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Yes, and no. The answer depends on whether you consider your intern an employee or not. Under Canadian federal employment standards IPG-069, an employee “undertakes for a limited or indeterminate period of time to do work for remuneration according to the instructions and under the direction or control of another person, the employer.” IPG-069 also states:

“Within the framework of a contract of employment, a person carries out the service of work, receives remuneration and the work is carried out according to the direction and control of the employer. The terms of the contract may be either in writing or given orally, but both are equally binding and enforceable. When a person is hired to be an employee, the person enters into a contract of service, which is an employer/employee relationship.”

IPG-069 states that a worker can be considered an employee if the following are present:

  • Works exclusively for the payer
  • Payer provides tools
  • Payer controls duties, whether that control is used or not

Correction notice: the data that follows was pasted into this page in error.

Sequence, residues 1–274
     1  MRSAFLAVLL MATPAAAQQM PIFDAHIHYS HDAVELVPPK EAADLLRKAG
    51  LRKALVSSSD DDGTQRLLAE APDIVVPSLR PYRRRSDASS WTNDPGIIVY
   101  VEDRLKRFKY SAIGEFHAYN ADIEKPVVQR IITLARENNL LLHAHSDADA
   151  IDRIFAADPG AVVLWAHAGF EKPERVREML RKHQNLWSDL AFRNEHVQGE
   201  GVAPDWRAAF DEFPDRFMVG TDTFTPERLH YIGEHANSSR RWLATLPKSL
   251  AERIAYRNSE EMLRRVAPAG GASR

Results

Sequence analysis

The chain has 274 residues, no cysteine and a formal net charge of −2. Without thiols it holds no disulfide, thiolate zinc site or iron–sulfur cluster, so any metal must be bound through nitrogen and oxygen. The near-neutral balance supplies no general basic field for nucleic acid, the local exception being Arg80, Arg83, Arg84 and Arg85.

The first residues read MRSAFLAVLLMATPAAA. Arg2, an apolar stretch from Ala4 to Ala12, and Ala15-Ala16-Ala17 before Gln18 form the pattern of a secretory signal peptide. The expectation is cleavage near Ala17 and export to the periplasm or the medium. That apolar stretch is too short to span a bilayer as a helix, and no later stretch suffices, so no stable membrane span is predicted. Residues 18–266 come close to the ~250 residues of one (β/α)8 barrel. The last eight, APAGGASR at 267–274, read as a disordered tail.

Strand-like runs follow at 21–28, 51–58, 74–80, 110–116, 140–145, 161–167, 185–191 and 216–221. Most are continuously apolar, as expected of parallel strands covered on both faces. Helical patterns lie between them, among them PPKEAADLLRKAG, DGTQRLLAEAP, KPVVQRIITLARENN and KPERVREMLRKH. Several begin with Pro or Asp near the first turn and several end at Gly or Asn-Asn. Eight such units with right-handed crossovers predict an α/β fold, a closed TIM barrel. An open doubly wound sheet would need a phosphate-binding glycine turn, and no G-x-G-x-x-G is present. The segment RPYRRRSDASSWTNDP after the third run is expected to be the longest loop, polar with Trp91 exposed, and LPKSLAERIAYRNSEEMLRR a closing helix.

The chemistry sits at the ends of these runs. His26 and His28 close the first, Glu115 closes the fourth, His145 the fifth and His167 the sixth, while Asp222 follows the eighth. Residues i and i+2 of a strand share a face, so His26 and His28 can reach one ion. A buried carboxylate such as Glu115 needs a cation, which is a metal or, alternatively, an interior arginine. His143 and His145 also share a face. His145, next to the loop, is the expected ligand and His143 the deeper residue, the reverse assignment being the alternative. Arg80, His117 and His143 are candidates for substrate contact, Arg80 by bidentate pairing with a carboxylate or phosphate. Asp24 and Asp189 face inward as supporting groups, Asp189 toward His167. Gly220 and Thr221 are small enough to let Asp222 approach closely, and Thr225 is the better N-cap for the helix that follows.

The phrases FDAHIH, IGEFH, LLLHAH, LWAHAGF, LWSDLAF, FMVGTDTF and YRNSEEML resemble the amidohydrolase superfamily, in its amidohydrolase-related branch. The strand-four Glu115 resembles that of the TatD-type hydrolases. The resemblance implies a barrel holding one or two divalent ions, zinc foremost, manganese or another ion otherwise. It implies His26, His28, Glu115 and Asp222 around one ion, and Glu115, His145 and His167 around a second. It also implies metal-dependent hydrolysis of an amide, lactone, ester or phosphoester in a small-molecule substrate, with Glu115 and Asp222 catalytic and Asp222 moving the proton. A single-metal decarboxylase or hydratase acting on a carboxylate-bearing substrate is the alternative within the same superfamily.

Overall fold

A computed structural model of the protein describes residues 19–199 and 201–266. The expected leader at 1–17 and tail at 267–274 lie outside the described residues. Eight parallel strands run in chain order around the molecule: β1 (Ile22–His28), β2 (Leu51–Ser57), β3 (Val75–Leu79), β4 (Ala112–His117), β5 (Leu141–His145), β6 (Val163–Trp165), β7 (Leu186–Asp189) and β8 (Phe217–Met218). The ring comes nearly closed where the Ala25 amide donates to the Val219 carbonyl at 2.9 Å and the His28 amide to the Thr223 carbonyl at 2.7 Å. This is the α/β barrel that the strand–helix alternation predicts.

• Payer sets working hours
  • Worker must perform services
  • Provision of pension, group benefits
  • Worker is paid vacation pay
  • Payer pays expenses
  • Paid salary or hourly wage
  • Reports to payer’s workplace on regular basis

On Monday, October 21st, the federal election will call upon Canadian citizens – at least 18 years old on election day and with proof of identity and address – to vote. In the 2011 election, Canada saw its third-lowest voter turnout at 61.1%. In 2015, only 68.3% of those eligible voted. The second-most common reason among those who responded that they didn’t vote in the last election attributed not voting to being ‘too busy.’

One can’t assume that every instance of being too busy is employment-related. However, by law, employers are legally obligated to give their employees time off to vote.

Under the Canada Elections Act, Section 132 (1) states:

“Every employee who is an elector is entitled, during voting hours on polling day, to have three consecutive hours for the purpose of casting his or her vote and, if his or her hours of work do not allow for those three consecutive hours, his or her employer shall allow the time for voting that is necessary to provide those three consecutive hours.”

Employers can encourage their employees to vote but shouldn’t direct their employees to vote for a specific political party. While one political party’s victory may result favourably for the employer, employers shouldn’t impose its political beliefs on their employees.


Additional Resources

Elections Canada

Providing identification to vote

Accessible voting

Other FAQ